In the Easter installation there is a repetition of the vertical line from Holy Week. The coarse burlap hangs as a strong reminder of Lent. Yet it is interspersed with festive ribbons of white and blue (colors of Easter and hope), their silky, soft texture catching the light and contrasting with the rough, earthy texture of the burlap. Rock orbs replace the symbols of denial and suffering as signs of the tomb stone rolled away and God’s sovereignty. We see with one glance an Easter Lent and a Lenten Easter.

Moments of true awe, delight, or hope do not happen every day. Let us pray together for God to focus our eyes, as well as open our ears, that we may glorify God’s name through our wonderment—until the day we see God face to face and our fingers touch once again.



Related Reading

  • Chinn, Nancy. Spaces for Spirit: Adorning the Church. Liturgy Training Publications, 1989.
  • Dyrness, Bill. “Contemplation for Protestants: Where the Reformed Tradition Went Wrong.” Image, no. 49 (Spring 2006) pp. 71-79.
  • Jensen, Robin M. The Substance of Things Seen: Art, Faith, and the Christian Community (Eerdmans, 2004)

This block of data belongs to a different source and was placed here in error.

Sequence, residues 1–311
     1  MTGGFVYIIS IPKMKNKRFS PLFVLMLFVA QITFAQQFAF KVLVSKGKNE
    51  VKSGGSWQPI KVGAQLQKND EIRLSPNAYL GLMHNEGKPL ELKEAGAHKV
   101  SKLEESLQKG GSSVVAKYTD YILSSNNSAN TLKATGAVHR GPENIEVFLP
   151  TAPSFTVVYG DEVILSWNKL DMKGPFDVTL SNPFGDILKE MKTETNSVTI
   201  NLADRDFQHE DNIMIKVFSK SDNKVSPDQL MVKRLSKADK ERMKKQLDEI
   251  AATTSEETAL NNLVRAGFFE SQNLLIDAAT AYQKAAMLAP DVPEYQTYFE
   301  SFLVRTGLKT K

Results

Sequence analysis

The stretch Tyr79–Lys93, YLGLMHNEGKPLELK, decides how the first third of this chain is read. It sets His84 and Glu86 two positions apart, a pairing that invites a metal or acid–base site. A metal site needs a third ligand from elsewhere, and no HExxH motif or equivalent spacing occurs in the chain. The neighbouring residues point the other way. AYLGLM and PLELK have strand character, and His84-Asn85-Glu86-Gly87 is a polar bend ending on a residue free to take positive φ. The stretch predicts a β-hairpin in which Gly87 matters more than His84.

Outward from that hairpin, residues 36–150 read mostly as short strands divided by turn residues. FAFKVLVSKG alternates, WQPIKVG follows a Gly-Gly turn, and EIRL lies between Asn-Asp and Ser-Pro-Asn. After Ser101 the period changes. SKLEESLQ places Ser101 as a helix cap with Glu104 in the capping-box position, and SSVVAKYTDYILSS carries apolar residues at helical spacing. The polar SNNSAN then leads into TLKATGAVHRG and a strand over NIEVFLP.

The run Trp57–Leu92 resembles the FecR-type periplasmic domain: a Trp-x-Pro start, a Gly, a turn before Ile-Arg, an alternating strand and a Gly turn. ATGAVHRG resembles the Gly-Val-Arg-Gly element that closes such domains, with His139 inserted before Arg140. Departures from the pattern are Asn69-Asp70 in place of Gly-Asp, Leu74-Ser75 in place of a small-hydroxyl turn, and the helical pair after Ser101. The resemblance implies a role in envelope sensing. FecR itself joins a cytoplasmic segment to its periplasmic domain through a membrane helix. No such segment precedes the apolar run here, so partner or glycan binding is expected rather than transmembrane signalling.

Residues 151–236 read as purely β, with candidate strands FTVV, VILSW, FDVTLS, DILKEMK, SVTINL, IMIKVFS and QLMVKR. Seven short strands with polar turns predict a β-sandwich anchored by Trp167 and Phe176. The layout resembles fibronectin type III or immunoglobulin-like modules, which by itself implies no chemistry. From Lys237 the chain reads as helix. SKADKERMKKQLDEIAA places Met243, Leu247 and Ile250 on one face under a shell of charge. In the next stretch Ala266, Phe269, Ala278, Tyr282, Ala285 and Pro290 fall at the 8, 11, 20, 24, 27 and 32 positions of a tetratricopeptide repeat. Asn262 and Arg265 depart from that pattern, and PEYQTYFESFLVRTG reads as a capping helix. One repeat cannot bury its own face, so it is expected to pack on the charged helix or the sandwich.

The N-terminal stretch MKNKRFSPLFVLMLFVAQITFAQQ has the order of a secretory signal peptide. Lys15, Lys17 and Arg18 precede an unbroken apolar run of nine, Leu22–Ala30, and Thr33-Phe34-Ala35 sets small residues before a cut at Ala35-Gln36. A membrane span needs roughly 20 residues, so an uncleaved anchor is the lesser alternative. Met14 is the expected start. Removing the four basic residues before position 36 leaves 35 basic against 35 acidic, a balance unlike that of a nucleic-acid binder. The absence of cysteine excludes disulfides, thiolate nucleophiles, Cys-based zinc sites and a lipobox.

• Kaai, Anneke and Eugene Peterson. The Psalms: An Artist’s Impression. Piquant, 1999.
  • ______. From Beginning to End: Painting Creation, the Ten Commandments, the Apostles’ Creed and Apocalypse. Piquant, 2006.
  • Saliers, Don E. Worship Come to Its Senses. Abingdon Press, 1996.

Elizabeth Steele Halstead (eah9@calvin.edu) is Resource Development Specialist for Visual Arts at the Calvin Institute for Christian Worship, Grand Rapids, Michigan. She is the author of Visuals for Worship (Faith Alive, 2006) and illustrator of Rings, Kings, and Butterflies: Lessons on Christian Symbols for Children (Ausburg 2006).

Reformed Worship 82 © December 2006, Calvin Institute of Christian Worship. Used by permission.